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Servo Motors

Servomechanism

 

 

Industrial servomotor

The grey/green cylinder is the brush-type DC motor. The black section at the bottom contains the planetary reduction gear, and the black object atop the motor is the optical rotary encoder for position feedback. This is the steering actuator of a large robot vehicle.

A servomechanism, or servo, is an automatic device that uses error-sensing negative feedback to correct the performance of a mechanism. The term correctly applies only to systems where the feedback or error-correction signals help control mechanical position or other parameters. For example, an automotive power window control is not a servomechanism, as there is no automatic feedback that controls position—the operator does this by observation. By contrast the car’s cruise control uses closed loop feedback, which classifies it as a servomechanism.

A servomechanism may or may not use a servomotor. For example, a household furnace controlled by a thermostat is a servomechanism, yet there is no motor being controlled directly by the servomechanism.

A common type of servo provides position control. Servos are commonly electrical or partially electronic in nature, using an electric motor as the primary means of creating mechanical force. Other types of servos use hydraulics, pneumatics, or magnetic principles. Servos operate on the principle of negative feedback, where the control input is compared to the actual position of the mechanical system as measured by some sort of transducer at the output. Any difference between the actual and wanted values (an “error signal”) is amplified and used to drive the system in the direction necessary to reduce or eliminate the error. This procedure is one widely used application of control theory.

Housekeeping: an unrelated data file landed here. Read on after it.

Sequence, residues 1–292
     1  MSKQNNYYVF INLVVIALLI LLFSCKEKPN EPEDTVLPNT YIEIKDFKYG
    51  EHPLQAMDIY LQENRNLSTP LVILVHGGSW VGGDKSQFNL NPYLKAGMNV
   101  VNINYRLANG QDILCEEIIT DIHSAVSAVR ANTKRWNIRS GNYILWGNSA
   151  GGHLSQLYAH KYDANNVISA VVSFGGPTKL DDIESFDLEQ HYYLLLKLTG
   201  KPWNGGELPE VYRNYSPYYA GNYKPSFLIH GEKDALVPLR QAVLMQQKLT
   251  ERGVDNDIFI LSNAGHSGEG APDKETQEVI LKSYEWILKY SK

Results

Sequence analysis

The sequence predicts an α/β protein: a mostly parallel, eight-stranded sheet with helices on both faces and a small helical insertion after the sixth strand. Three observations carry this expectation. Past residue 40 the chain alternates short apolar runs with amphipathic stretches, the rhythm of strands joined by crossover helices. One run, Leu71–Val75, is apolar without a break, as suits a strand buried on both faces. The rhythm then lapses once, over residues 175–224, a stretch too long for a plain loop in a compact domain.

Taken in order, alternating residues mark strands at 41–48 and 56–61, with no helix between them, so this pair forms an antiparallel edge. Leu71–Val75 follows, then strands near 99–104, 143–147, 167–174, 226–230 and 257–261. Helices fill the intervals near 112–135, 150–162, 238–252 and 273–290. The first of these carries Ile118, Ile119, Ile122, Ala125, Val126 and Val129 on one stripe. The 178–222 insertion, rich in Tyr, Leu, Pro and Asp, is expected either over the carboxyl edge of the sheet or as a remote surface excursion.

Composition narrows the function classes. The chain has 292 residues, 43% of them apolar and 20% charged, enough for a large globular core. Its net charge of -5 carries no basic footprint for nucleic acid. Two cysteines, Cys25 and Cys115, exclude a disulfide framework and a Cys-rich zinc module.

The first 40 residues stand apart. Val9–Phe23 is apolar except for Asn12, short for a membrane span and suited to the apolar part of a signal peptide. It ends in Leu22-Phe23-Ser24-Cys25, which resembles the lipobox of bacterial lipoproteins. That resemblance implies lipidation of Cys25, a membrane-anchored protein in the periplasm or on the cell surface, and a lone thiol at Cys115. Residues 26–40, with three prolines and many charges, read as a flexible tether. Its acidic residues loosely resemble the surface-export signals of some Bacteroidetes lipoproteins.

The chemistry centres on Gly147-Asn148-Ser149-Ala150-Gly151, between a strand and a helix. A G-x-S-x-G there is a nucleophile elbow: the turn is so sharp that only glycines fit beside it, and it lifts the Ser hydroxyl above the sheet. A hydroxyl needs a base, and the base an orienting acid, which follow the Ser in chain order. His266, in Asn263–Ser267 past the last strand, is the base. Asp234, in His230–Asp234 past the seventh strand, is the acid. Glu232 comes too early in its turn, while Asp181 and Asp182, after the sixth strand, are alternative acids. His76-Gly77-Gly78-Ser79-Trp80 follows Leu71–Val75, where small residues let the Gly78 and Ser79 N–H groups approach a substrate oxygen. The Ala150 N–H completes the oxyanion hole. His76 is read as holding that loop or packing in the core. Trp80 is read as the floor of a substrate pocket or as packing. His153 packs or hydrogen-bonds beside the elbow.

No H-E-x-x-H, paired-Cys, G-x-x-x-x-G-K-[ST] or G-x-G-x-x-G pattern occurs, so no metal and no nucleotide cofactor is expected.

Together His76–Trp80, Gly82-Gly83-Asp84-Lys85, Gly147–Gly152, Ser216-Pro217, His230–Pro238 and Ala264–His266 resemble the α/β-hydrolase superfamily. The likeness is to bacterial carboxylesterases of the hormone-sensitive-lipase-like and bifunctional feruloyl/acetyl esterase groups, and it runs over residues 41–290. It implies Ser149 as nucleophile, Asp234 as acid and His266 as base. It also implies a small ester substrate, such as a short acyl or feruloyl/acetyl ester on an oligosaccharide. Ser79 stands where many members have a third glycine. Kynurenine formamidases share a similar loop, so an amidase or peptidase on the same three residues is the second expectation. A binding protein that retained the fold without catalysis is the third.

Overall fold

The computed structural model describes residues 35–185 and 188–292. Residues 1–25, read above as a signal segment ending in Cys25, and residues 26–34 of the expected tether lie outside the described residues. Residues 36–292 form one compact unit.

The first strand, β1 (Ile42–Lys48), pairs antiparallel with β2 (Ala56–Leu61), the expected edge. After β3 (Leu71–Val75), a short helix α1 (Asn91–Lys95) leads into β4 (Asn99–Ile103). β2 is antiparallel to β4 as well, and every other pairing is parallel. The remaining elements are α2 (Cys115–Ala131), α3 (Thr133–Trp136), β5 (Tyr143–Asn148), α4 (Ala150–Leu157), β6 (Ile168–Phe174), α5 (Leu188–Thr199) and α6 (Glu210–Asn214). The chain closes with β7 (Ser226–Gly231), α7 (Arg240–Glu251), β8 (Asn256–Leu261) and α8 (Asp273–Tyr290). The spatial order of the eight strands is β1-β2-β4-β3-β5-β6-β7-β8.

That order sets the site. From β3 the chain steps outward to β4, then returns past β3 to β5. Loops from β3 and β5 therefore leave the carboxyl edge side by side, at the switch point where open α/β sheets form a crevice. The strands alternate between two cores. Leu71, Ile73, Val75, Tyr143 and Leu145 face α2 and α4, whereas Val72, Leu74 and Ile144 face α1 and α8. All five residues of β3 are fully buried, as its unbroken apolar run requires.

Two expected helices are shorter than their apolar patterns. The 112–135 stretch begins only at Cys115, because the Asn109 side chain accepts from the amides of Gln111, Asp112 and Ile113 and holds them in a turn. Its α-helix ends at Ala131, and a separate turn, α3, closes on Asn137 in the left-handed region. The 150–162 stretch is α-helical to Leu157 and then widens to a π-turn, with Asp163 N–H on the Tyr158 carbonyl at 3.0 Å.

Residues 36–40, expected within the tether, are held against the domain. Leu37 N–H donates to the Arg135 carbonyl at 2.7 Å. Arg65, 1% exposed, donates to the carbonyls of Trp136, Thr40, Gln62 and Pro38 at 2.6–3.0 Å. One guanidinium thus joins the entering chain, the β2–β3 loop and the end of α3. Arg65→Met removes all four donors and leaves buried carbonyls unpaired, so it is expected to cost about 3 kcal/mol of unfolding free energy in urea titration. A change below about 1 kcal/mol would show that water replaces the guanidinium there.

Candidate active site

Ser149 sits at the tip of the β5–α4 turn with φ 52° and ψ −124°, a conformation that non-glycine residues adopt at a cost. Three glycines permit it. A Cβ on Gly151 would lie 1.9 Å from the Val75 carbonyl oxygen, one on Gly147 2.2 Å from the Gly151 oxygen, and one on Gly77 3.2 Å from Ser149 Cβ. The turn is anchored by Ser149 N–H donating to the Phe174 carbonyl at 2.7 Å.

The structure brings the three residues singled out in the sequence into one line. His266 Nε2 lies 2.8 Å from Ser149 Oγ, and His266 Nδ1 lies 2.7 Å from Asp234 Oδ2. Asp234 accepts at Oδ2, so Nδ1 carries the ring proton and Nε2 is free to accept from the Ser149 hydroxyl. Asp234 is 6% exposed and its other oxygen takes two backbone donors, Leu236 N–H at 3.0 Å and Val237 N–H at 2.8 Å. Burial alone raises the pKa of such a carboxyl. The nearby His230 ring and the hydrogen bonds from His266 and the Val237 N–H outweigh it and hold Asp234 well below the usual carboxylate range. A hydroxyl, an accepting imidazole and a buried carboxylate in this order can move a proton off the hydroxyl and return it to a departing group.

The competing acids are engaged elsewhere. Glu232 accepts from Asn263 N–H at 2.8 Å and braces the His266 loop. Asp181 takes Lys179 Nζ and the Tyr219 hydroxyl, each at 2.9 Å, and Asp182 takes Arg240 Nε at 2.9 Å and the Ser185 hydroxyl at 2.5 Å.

Speed control via a governor is another type of servomechanism. The steam engine uses mechanical governors; another early application was to govern the speed of water wheels. Prior to World War II the constant speed propeller was developed to control engine speed for maneuvering aircraft. Fuel controls for gas turbine engines employ either hydromechanical or electronic governing.

Positioning servomechanisms were first used in military fire-control and marine navigation equipment. Today servomechanisms are used in automatic machine tools, satellite-tracking antennas, remote control airplanes, automatic navigation systems on boats and planes, and antiaircraft-gun control systems. Other examples are fly-by-wire systems in aircraft which use servos to actuate the aircraft’s control surfaces, and radio-controlled models which use RC servos for the same purpose. Many autofocus cameras also use a servomechanism to accurately move the lens, and thus adjust the focus. A modern hard disk drive has a magnetic servo system with sub-micrometre positioning accuracy.

Typical servos give a rotary (angular) output. Linear types are common as well, using a leadscrew or a linear motor to give linear motion.

Another device commonly referred to as a servo is used in automobiles to amplify the steering or braking force applied by the driver. However, these devices are not true servos, but rather mechanical amplifiers. (See also Power steering or Vacuum servo.)

In industrial machines, servos are used to perform complex motion.

History

James Watt’s steam engine governor is generally considered the first powered feedback system. The windmill fantail is an earlier example of automatic control, but since it does not have an amplifier or gain, it is not usually considered a servomechanism.

The first feedback position control device was the ship steering engine, used to position the rudder of large ships based on the position of the ship’s wheel. This technology was first used on the SS Great Eastern in 1866. Steam steering engines had the characteristics of a modern servomechanism: an input, an output, an error signal, and a means for amplifying the error signal used for negative feedback to drive the error towards zero. The Ragonnet power reverse mechanism was a general purpose air or steam-powered servo amplifier for linear motion patented in 1909.[1]